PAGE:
We arrived at the viewpoint with the stone seat where Lake Windermere’s inversion was still very much in evidence although there were signs that it was beginning to fray a little around the edges. While we were here a youngish couple arrived, both wearing wellies, hardly the most suitable footwear for walking the fells. Neither of them carrying packs so they were probably visitors just having a short outing. They didn’t follow us along the route to the summit so perhaps this was as far as they were going today.

The stone ‘sofa’ and yes, of course we sat in it for a minute or two. Its only good manners isn’t it when someone has gone to all the trouble of creating it? That’s our excuse anyway.

Carrying on from the stone ‘sofa’ and after a few humps and bumps along the way we get our first view of Brown How, the high point over on the left and the summit of Lingmoor Fell.

Following the wall with a view of Crinkle Crags on the left and Bowfell over to the right.

Pike O’Blisco with Cold Pike behind it on the left.

We’ve reached a high enough viewpoint for a look back along the route so far. The stone ‘sofa’ is some distance away now on that middle ‘hump’ just below the Windermere skyline.

Still following the wall and still heading towards Brown How.

Approaching the stile just below the summit of Lingmoor Fell. Not a cloud in the sky apart from those chemical trails up there which were sprayed from ‘planes non stop during our walk. Don’t label us conspiracy theorists, several countries + NASA have admitted to doing this and it has been going on since the 1990’s and possibly even earlier.

Plenty of other articles are available if you choose to search for them. Google, Wikipedia and other similar sites will claim ‘conspiracy theory’ or won’t list them so do some research and make up your own mind.

The summit cairn against the spectacular backdrop of Pike O’Blisco, Crinkle Crags and Bowfell, the deep shadows emphasise the magnificence of the view.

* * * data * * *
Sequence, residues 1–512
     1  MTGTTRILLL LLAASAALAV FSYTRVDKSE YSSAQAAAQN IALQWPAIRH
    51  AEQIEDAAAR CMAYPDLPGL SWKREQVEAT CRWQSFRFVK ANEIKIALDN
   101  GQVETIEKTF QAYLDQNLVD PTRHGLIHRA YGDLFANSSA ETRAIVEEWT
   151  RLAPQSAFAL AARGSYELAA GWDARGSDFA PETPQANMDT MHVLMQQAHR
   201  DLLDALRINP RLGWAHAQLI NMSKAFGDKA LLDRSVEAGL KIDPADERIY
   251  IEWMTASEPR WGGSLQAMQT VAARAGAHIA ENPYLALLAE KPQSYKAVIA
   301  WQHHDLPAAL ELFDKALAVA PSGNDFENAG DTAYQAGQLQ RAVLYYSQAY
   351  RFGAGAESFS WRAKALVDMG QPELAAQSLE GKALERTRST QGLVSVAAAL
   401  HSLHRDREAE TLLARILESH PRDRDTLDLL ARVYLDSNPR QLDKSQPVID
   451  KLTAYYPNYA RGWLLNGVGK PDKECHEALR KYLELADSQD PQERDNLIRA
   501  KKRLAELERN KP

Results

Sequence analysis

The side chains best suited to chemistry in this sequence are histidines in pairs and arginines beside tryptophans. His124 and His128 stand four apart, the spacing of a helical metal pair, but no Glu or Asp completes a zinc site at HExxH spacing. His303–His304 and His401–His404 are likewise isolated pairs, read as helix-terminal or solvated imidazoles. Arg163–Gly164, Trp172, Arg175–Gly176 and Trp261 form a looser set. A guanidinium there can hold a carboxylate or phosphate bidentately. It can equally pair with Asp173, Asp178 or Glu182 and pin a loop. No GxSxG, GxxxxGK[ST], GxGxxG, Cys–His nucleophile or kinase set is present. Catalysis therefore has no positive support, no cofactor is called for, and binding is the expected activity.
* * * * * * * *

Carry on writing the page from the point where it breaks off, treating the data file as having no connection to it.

The awe-inspiring Langdale Pikes dominating Great Langdale. Lunch break views don’t come much better than this.

The bump of Sergeant Man on the skyline with Lingmoor Tarn down below us together with …..

….. the view along the Lingmoor Fell ridge.

They are impossible to ignore so here they are again, together with a few more views along Great Langdale …..

After lunch we descended to Little Langdale via the Birk Knott path …..

….. which is something of a roller-coaster path where all manner of ups and downs test your legs and your patience!

From the top of one of the humps and bumps a look back to Brown How and the descent route from it.

Blea Tarn comes into view as we make our way down the rough path.

Looking across the burnished slopes of Lingmoor Fell for this view of the Pikes again.

After a rough descent it was a relief to have the firm surface of the Little Langdale road under our feet. The path ends/starts just this side of the Blea Tarn car park, behind the wall on the right, and plenty of cars were parked there as we arrived. With Blea Tarn in deep shade we didn’t go down to view it …..

….. because it was obvious that most of Little Langdale was now in the shade so we kept to the road to enjoy the sunlight that was still available.

The Pikes are high enough to catch the afternoon sun but the valley has no chance. Despite the shade it wasn’t cold down here so we didn’t need to put our jackets back on again.

Black Crag and Holme Fell still getting the sun while Little Langdale is displaying the beginnings of a potential inversion.

A look back at the mist beginning to form over Little Langdale Tarn as we approach the left turn into the lane which will lead us back to Elterwater.

Approaching Dale End farm with plenty of sunlight still lighting up the fells in the distance.

Heading down to Elterwater now along the rough track through Sawrey’s Wood …..

….. and finally back down to the bridge crossing into the village. The lights of the little cafe up ahead are twinkling in the dullness even though it is only mid afternoon. Ah well, there are only four more days to go before the winter solstice after which we turn the corner and the sun begins to set just a little later every day. As we pass the cafe one of the staff, just coming back in after a fag break, asks us if we want a coffee and some cake but we resist his offer and make our way back to the car. After we left Elterwater behind we had the sunshine back again for most of the drive back home. Hopefully we’ll have the opportunity to do another walk before Christmas arrives but in case we don’t we would like to wish everyone a very peaceful and a very Happy Christmas.